The Works of Francis Bacon, Volumen4

Portada
Cambridge University Press, 2011 M11 24 - 512 páginas
0 Opiniones
Las opiniones no están verificadas, pero Google revisa que no haya contenido falso y lo quita si lo identifica
Francis Bacon (1561-1626), the English philosopher, statesman and jurist, is best known for developing the empiricist method which forms the basis of modern science. Bacon's writings concentrated on philosophy and judicial reform. His most significant work is the Instauratio Magna comprising two parts - The Advancement of Learning and the Novum Organum. The first part is noteworthy as the first major philosophical work published in English (1605). James Spedding (1808-81) and his co-editors arranged this fourteen-volume edition, published in London between 1857 and 1874, not in chronological order but by subject matter, so that different volumes would appeal to different audiences. The material is divided into three parts: philosophy and general literature; legal works; and letters, speeches and tracts relating to politics. Volume 4, published in 1858, contains the English translation of Bacon's philosophical works that formed part of the Instauratio Magna.

Dentro del libro

Comentarios de la gente - Escribir un comentario

No encontramos ningún comentario en los lugares habituales.

Páginas seleccionadas

Contenido

EPISTLE DEDICATORY
12
PLAN OF THE WORK
22
PREFACE
39
APHORISMS CONCERNING THE INTERPRETATION OF NATURE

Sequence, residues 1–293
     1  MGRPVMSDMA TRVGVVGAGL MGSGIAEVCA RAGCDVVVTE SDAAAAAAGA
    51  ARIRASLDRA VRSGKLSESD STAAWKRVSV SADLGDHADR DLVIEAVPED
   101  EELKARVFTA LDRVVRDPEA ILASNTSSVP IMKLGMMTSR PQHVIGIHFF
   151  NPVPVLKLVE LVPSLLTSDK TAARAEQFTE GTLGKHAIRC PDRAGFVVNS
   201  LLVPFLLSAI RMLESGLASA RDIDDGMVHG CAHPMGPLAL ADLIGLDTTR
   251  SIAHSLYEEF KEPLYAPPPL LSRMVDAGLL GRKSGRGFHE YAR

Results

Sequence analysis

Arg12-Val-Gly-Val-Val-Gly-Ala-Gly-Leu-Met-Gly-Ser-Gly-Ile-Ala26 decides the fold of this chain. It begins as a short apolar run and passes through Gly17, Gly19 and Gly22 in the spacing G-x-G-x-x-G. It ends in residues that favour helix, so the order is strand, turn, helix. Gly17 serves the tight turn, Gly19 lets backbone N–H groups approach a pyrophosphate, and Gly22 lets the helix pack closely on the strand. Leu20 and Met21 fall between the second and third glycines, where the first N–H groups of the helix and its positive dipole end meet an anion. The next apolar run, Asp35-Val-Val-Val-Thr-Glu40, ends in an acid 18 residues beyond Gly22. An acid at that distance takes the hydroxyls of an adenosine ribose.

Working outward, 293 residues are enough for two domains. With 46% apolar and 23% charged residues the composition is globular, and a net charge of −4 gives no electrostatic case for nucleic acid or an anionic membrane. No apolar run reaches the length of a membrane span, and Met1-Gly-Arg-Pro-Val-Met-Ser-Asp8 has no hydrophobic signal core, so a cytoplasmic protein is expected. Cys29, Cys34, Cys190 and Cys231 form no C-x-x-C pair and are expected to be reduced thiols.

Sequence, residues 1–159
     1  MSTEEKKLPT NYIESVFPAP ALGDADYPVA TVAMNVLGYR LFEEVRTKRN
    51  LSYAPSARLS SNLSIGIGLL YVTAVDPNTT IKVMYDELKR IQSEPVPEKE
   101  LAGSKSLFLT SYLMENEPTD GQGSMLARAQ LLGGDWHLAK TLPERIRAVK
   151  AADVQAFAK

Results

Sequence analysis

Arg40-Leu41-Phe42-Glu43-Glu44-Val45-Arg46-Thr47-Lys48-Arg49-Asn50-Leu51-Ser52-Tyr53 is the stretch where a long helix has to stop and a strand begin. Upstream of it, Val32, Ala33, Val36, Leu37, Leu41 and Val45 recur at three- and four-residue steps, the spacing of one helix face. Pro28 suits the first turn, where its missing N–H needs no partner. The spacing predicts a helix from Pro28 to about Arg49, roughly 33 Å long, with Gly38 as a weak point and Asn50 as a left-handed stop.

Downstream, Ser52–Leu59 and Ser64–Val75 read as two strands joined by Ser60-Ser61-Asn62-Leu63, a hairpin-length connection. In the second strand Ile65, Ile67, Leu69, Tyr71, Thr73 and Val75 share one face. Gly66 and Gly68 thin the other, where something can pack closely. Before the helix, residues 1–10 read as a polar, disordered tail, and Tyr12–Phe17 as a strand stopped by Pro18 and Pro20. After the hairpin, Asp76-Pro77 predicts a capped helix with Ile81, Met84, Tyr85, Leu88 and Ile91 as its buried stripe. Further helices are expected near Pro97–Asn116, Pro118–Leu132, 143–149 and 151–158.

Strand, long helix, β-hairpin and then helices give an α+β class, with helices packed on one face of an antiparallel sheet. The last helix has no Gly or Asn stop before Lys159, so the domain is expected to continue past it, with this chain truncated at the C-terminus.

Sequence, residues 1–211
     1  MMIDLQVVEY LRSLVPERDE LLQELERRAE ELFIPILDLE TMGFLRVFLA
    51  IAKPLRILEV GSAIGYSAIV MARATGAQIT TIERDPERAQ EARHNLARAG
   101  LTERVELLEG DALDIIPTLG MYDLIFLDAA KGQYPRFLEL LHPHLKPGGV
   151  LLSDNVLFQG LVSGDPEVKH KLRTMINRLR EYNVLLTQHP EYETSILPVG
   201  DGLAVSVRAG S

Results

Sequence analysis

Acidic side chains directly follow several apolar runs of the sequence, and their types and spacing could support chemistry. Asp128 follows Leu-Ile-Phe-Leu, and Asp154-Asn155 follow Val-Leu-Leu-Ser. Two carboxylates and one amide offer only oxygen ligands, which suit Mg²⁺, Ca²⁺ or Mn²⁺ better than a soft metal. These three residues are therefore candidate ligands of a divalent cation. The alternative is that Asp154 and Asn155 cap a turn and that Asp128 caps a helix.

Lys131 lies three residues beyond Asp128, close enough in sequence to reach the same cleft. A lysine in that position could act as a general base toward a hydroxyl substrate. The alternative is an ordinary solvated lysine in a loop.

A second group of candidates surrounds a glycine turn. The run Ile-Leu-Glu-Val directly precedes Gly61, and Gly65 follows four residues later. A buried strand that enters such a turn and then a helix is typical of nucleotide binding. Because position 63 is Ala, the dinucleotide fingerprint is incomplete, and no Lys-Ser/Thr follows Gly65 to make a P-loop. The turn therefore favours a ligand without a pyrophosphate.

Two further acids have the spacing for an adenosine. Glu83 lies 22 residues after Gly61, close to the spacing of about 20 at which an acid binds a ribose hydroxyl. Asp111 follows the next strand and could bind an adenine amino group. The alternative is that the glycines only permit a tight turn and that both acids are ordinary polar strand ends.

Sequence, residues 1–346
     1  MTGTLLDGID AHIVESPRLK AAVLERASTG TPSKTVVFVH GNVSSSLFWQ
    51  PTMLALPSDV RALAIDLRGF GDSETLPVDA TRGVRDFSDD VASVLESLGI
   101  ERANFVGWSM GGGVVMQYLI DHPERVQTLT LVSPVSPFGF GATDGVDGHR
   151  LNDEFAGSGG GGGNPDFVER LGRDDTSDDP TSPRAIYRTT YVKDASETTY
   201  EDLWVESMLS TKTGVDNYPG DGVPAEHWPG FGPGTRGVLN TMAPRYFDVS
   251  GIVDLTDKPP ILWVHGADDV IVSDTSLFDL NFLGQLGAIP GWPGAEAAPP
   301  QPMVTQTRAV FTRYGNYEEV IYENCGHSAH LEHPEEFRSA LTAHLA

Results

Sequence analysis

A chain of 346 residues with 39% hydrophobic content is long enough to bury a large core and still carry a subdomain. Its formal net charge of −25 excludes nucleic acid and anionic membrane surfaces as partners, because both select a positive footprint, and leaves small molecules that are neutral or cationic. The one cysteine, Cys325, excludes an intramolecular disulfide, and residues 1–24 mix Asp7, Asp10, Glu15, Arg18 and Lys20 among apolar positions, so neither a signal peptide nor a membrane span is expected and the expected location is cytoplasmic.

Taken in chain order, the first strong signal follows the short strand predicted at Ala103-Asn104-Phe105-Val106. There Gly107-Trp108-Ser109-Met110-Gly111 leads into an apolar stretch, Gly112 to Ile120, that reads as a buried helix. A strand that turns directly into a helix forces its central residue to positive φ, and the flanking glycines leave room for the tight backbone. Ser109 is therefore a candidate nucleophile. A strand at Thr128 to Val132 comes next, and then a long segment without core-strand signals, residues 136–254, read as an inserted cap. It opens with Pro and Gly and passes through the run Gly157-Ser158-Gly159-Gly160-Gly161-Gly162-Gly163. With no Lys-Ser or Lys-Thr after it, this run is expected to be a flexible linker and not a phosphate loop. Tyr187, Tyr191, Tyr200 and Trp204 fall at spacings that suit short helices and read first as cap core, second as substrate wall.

47
PERIMENTAL HISTORY
251
CATALOGUE OF PARTICULAR HISTORIES
265
OF THE DIGNITY AND ADVANCEMENT
273
_
283
_
336
_
405
Derechos de autor

Otras ediciones - Ver todas

Términos y frases comunes

Acerca del autor (2011)

Francis Bacon was born on October 28, 1909. He was born in Dublin, Ireland, to parents of British decent but lived with his nanny, Jessie Lightfoot, for many of his formative years. Bacon began painting in his early 20s and worked only sporadically until his mid-30s. He lived between England and Ireland for many years, earning his money by becoming an interior decorator and a designer of furniture and rugs. In 1944 he created his breakthrough oil painting entitled, Three Studies for Figures at the Base of the Crucifixion. The work is said to have been competed within the timeframe of two weeks. The painting was immediately seen as a sensation and established him as an important post-war artist. Bacon himself insisted that no retrospective of his work should include anything produced prior to 1944. Bacon was plagued with chronic asthma which developed into a respiratory condition. He died of cardiac arrest on April 28, 1992. He left his entire estate to his companion, John Edwards, who then donated the contents of Bacon's studio to the Hugh Lane Gallery in Dublin.

Información bibliográfica